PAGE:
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258 Clinical evaluation of the novel ‘FullStop’ tourniquet using real time Doppler ultrasound in a human model
  1. R Lyon,
  2. B Earle-Wright
  1. Emergency Department, Royal Infirmary of Edinburgh, UK


Background Major haemorrhage following trauma is a leading cause of preventable death. In the case of major haemorrhage from a limb, early application of a tourniquet can be life-saving. Tourniquets often need to be applied by lay persons, prior to the arrival of emergency medical services, in order to prevent exsanguination. A tourniquet needs to be completely reliable and easy to apply rapidly. We sought to evaluate the novel FullStop tourniquet (Safeguard Medical) in a human model.

Method A standard training session covering the FullStop method of application was provided. The FullStop tourniquet was applied to the upper arm of an adult human. Colour doppler ultrasound was used to identify the radial artery and visualise the radial pulse prior to tourniquet application and then following application. The time to full apply the FullStop was recorded. Successful application was defined as absence of any arterial pulsation on ultrasound.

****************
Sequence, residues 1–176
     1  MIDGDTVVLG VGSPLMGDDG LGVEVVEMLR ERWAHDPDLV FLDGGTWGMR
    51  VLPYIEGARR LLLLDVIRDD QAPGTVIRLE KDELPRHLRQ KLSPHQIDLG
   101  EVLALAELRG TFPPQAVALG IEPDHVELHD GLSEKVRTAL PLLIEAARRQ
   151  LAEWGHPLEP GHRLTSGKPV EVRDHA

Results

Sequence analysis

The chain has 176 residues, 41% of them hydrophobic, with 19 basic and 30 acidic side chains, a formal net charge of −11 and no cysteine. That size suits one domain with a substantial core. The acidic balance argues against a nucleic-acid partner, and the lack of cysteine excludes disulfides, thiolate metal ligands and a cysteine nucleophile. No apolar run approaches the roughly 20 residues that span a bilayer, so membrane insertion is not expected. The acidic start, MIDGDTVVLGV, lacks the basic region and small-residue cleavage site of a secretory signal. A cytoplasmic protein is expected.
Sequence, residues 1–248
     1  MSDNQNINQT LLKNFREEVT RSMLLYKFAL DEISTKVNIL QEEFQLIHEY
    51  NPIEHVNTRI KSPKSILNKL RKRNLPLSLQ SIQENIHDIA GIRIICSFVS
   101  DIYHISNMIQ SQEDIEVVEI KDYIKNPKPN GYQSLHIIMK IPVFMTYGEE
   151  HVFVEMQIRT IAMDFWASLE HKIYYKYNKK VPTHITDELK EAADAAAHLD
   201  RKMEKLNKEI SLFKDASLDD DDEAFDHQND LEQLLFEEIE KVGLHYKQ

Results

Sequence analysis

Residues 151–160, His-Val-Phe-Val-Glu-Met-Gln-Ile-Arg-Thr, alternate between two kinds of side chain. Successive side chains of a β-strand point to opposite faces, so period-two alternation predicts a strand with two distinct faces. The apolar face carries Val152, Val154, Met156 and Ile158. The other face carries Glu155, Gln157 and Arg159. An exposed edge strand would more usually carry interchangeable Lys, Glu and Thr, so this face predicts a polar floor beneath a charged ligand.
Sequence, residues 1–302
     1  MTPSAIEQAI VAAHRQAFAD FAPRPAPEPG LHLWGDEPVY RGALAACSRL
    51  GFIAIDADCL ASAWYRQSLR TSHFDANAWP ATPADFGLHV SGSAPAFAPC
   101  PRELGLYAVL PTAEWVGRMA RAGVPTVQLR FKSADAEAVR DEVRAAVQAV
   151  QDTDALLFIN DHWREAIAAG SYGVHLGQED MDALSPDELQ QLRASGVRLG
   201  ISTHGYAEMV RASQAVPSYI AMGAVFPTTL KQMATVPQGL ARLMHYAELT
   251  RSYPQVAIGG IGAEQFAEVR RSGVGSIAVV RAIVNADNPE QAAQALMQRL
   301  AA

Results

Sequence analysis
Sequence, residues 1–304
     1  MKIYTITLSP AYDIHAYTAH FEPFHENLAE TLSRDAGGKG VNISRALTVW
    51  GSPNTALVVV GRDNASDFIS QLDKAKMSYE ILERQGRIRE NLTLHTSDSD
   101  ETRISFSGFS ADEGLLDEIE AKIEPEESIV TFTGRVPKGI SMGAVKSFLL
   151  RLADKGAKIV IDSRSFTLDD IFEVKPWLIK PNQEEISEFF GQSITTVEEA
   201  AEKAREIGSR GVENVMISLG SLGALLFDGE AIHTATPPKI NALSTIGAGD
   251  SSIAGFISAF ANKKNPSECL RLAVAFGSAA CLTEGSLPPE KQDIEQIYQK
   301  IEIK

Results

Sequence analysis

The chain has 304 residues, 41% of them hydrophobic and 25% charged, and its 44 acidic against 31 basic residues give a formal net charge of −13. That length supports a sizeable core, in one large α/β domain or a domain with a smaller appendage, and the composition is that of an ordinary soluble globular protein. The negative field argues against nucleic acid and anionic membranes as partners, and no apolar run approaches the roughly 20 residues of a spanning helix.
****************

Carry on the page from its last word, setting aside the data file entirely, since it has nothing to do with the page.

Results 28 medical professionals participated in the study. They included doctors (n=9), nurses (n=8), medical students (n=5) and paramedics (n=6). Median time to application was 24 seconds (IQR 19–28 s). All (n=28, 100%) applications were successful in achieving complete occlusion of arterial flow in the arm.

Conclusion The FullStop tourniquet was rapid to apply and entirely effective in achieving complete occlusion of arterial flow in the upper limb. Further research is warranted to explore how effective the FullStop would be for lay person responders.

Conflict of interest None declared.

Funding None.

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